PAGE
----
Luuk Janssens, Anything Goes Poster

The physical and psycho-geography of a place has a profound impact on the design it engenders. We’re not just talking about things like street furniture and signage, but graphics, too. Take The Netherlands for example: Dutch design is famed for its rigid grids, order, and slick but somehow emotionally engaged minimalism. Born in the small Dutch city of Breda, designer Luuk Janssens is supremely eloquent about this marriage of physical environment with graphic output.

The Netherlands is a very ‘designed’ country because most of it is below sea level, and only exists because we created a system to keep the land from flooding,” he explains. “The country is therefore really structured and ordered, which extends to the way we plan our cities, our infrastructure, and even our nature reserves.

“I think living in such an environment creates the urge to structure things, to put things in place. That’s also why I have great interest in the Modernist period when it comes to design. Ordering information in a clear and systematic way was for me one of the core reasons to start studying graphic design in the first place.”

His own work takes these Modernist traits and runs with them: The Powerama Directory aims to visualize ideas around power using rigid design rules and a stark moncrohome palette; while its sister project, the Powerama series, features 36 posters displayed to echo the city and its power structures in four long rows to “create a panoramic view of power.”

Now based in Rotterdam, Janssens arrived at the city via Antwerp, then Ghent’s Saint Lucas Academy. His engagement with 3D design saw him initially study as an industrial engineer, until he realized he “couldn’t imagine spending the rest my life doing calculations in depressing offices and factories.” A passion for graphics was born out of his love of graffiti, and a green-eyed glance at friends on graphic design courses. “The things they were doing at school really attracted me, and because I was spending more time designing my thesis then actually writing it, it seemed too good to be true to study this the whole day,” he says.

He hasn’t left the precision and technicalities of engineering too far behind, though. “I still love the schematic approach of technical drawings, and all the information that’s shown as minimalistic and clear as possible,” he says. “But in a more practical way I also like to search for technical boundaries.”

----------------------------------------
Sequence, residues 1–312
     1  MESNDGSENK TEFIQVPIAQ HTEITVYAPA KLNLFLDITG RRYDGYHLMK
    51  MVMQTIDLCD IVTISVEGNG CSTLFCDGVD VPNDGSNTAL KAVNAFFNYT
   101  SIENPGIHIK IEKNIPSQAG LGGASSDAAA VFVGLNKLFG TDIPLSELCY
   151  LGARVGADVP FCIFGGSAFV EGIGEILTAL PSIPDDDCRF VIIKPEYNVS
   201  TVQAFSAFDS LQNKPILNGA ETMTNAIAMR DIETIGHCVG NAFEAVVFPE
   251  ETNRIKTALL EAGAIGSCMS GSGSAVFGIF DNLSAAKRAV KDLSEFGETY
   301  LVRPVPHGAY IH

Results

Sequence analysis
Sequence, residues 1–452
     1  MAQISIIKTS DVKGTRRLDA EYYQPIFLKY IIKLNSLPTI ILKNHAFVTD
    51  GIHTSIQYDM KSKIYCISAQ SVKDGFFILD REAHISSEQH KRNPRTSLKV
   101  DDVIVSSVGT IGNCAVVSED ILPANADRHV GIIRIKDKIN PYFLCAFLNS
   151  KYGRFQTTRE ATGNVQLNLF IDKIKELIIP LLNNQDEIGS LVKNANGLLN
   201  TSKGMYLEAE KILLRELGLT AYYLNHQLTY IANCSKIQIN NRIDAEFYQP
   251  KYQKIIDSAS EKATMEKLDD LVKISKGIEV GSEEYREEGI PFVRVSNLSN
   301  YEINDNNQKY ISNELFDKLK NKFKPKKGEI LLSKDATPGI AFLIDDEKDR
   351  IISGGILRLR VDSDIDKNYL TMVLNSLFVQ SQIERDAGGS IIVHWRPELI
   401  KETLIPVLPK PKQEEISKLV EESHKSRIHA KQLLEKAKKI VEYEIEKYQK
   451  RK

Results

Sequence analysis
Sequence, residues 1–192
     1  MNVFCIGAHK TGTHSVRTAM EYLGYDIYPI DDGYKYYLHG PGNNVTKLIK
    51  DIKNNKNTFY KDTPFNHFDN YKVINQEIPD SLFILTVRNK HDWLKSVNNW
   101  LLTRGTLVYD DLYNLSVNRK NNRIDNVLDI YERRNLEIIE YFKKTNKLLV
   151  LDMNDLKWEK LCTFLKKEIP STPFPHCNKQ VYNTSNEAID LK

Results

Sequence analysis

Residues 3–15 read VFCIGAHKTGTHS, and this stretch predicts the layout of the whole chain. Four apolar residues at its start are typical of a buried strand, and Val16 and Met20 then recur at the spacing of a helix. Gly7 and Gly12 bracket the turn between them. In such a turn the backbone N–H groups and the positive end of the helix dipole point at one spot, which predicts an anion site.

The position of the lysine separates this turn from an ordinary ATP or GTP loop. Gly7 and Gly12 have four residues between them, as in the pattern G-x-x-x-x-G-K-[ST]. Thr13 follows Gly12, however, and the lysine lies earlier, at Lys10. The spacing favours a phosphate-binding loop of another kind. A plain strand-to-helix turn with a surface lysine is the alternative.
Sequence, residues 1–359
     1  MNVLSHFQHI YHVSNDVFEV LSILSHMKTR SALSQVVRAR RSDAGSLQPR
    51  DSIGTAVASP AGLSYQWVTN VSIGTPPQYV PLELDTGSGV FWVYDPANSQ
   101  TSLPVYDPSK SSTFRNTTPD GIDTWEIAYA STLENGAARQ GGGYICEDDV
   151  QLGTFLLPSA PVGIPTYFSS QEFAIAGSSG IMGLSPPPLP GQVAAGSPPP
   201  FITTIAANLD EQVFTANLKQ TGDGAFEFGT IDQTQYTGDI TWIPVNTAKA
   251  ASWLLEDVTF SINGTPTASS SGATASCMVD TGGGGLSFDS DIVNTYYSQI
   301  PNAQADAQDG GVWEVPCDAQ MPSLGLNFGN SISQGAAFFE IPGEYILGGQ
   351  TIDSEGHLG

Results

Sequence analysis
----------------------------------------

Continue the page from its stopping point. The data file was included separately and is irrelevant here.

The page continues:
Designs for publication The Wasat were created by using an unusual approach to laser printing–“getting lines as dense as possible, and playing around with the moiré effect, which is in itself a very interesting geometrical and mathematical phenomenon.” He took a similarly off-kilter, technical tactic to making his Class of ’15 yearbook, using face mapping techniques usually used in the gaming industry to “try to make everybody look equally ugly.” Which in a roundabout way, seems like a very charming and egalitarian way of going about it.

For all his devotion to the urban environment of The Netherlands, and his country’s graphic design forebears, Janssens is reluctant to use the term Dutch Design in a contemporary context. “Nowadays I don’t think it exists and the term is more an empty alliteration used as marketing tool. They probably sell wooden shoes with Dutch Design labels on it,” he says. “I think that in the last 30 or so years a lot of things changed: globalization made ideologies and styles spread more easily, and geographical borders are non-existent on the internet. So it’s not really a Dutch thing, or a Swiss thing anymore, but it can come from anywhere around the world. It might be the Dutch design history that makes people want to study or work over here, but by bringing in their own heritage it creates a new dynamic.”